I picked up skateboarding again two months ago. I’m… not very good, but I see a lot of things more clearly now than I did when I was a kid, inspired by Rodney Mullen and Tony Hawk and trying to learn to ride for the first time.
For one thing, we’re incredibly lucky to have the Internet and sites like YouTube that make learning more accessible. That doesn’t mean that all of the content is good, accurate, or useful, but we can easily skim through basic information in a couple of minutes, assimilate and process it, then apply it.
Most YouTube videos (and posts like this one) tend to provide the surface information, and you have to dig deeper to gain true mastery. That’s true of many books too, but we have to be aware that we’re only scratching the surface.
As an example, something that doesn’t come up much in videos on skateboarding is how important it is to get the basics right. Yes, many videos talk about where to put your feet for a trick, but few people are talking about getting comfortable on your board, riding in different stances, riding backwards, getting comfortable turning, stopping, and generally mastering the basics. Nobody thinks these basics are cool. Maybe they’re just seen as the gateway to becoming a real skater. Even though these skills are fundamental to being able to skateboard and the best skateboarders have mastered these skills.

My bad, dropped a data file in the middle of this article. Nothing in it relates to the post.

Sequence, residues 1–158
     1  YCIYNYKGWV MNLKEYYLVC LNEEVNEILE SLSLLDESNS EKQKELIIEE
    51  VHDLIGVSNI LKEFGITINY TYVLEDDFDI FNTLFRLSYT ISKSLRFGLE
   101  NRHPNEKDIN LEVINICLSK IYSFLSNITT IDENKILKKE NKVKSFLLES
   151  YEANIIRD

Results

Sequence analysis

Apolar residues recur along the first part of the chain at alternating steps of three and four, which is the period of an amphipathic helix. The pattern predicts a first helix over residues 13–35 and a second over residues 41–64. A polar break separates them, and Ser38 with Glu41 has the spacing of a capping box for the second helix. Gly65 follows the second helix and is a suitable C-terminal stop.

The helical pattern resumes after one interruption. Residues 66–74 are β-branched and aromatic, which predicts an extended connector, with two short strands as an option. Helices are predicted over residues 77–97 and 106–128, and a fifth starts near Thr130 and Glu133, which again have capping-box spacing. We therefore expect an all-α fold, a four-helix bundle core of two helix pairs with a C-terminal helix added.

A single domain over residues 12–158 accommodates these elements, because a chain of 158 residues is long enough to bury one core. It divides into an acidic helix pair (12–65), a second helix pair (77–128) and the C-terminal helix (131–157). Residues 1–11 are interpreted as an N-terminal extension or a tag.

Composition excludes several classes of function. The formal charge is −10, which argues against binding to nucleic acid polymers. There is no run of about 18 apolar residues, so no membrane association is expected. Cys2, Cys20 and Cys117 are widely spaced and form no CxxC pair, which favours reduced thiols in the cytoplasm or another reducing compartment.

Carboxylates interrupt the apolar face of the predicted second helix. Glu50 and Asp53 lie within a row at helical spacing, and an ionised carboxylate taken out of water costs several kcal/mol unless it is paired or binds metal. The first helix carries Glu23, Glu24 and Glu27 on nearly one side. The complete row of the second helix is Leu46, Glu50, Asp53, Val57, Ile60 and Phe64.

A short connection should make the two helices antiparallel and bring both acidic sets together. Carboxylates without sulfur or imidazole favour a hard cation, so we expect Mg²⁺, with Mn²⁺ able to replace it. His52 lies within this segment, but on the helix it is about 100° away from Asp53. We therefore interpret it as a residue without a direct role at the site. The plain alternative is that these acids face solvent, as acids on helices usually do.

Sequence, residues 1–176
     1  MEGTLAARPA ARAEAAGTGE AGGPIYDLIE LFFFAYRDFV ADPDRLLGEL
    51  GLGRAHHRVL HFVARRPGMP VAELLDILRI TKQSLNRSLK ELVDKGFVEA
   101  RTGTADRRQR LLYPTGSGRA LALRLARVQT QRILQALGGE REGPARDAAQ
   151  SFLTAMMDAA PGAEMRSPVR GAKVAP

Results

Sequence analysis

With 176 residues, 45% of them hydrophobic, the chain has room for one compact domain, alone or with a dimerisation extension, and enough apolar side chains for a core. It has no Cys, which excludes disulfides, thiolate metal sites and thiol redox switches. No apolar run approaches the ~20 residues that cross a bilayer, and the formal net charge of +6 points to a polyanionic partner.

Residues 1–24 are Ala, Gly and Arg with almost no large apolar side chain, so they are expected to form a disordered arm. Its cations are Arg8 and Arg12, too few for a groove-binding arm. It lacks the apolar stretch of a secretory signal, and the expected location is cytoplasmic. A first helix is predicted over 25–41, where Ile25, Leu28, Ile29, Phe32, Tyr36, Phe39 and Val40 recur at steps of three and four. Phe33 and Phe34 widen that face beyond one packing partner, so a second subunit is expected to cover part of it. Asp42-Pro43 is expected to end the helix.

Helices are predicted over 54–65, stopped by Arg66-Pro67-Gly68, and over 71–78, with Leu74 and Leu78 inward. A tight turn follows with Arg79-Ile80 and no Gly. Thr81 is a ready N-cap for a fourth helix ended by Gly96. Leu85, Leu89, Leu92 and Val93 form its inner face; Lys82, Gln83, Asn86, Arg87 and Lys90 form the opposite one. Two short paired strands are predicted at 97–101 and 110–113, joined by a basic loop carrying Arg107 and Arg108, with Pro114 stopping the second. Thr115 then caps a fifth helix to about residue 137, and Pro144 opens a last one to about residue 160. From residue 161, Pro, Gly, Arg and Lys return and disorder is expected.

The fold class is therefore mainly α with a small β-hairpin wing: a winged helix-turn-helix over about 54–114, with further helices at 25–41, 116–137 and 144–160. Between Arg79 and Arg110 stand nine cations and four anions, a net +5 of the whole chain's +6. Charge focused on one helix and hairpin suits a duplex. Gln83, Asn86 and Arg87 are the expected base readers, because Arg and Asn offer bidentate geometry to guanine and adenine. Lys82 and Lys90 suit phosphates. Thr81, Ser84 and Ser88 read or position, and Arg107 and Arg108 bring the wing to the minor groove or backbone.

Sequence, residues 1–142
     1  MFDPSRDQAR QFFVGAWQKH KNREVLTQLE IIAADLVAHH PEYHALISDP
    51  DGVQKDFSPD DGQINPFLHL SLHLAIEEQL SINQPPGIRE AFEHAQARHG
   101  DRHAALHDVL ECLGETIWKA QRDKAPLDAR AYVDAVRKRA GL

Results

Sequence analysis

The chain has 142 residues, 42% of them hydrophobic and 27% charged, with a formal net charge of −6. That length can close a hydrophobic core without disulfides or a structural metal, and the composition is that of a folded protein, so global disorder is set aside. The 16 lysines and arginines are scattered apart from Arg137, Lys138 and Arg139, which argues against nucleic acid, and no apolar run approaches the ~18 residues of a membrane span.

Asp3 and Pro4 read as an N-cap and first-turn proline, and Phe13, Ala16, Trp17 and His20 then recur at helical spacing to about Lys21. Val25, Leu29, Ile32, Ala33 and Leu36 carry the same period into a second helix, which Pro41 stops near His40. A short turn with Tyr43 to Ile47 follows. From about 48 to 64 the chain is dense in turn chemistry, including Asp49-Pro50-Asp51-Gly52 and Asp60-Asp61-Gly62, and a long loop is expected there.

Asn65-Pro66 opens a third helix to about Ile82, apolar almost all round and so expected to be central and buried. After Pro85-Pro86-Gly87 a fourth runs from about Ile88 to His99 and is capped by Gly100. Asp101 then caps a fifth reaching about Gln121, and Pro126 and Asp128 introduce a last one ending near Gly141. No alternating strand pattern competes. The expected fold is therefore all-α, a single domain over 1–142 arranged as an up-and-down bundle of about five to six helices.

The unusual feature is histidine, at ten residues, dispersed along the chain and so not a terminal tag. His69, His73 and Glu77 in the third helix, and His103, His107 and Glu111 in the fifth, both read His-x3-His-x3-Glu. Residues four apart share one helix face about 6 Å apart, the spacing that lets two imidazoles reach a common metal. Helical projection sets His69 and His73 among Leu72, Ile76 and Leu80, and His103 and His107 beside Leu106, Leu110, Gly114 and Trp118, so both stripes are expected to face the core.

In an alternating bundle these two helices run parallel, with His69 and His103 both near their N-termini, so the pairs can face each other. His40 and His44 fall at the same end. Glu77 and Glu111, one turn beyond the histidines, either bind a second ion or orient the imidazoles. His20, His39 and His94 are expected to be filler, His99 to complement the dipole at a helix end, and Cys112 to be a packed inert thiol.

In Talent is Overrated: What Really Separates World-Class Performers from Everybody Else, Geoff Colvin talks about deliberate practice, and a part of that is getting the right practice for your needs. This, I think, also means not getting too far ahead of yourself.
I recently read an article about a martial artist that spent lockdown practicing footwork, the “literal foundation” of martial arts. He listed three goals he had:
1. Be comfortable with either foot leading.
2. Be able to stop instantly without losing balance.
3. Maintain a good posture throughout his movement.
By focusing on these basics he was able to improve a vital element of his martial arts skill, train using his limited resources, and overcome bad habits.
In short, you have to look for the pillars of whatever skill you’re learning, then seek to master them.
In coding, this might be understanding the logic of if else statements and other general coding principles before trying to master the whole of Java.
In writing, knowing how to write good, grammatically sound sentences has made it far easier for me to deal with the complexities of storytelling and composing larger pieces.
When I first started skateboarding, I was pushing mongo, which is generally considered the worst way to push a skateboard around. It never felt comfortable and it caused all sorts of other issues. Since starting again, I’ve focused on the basics and seen much better growth. Skateboarding now feels like something that’s possible, rather than an impossible pipe dream.
Not saying I’ve cracked the code or anything, but it certainly seems there’s a lot of worth in having a good base to any skill you want to master.
#RPGCon is Wrapping Up